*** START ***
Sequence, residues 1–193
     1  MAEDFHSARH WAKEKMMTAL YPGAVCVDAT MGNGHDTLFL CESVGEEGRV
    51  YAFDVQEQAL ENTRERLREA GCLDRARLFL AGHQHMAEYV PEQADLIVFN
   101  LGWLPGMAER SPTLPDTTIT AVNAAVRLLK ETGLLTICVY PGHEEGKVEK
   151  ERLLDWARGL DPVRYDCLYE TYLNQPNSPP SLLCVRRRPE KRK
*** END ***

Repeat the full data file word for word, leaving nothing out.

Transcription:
Sequence, residues 1–193
     1  MAEDFHSARH WAKEKMMTAL YPGAVCVDAT MGNGHDTLFL CESVGEEGRV
    51  YAFDVQEQAL ENTRERLREA GCLDRARLFL AGHQHMAEYV PEQADLIVFN
   101  LGWLPGMAER SPTLPDTTIT AVNAAVRLLK ETGLLTICVY PGHEEGKVEK
   151  ERLLDWARGL DPVRYDCLYE TYLNQPNSPP SLLCVRRRPE KRK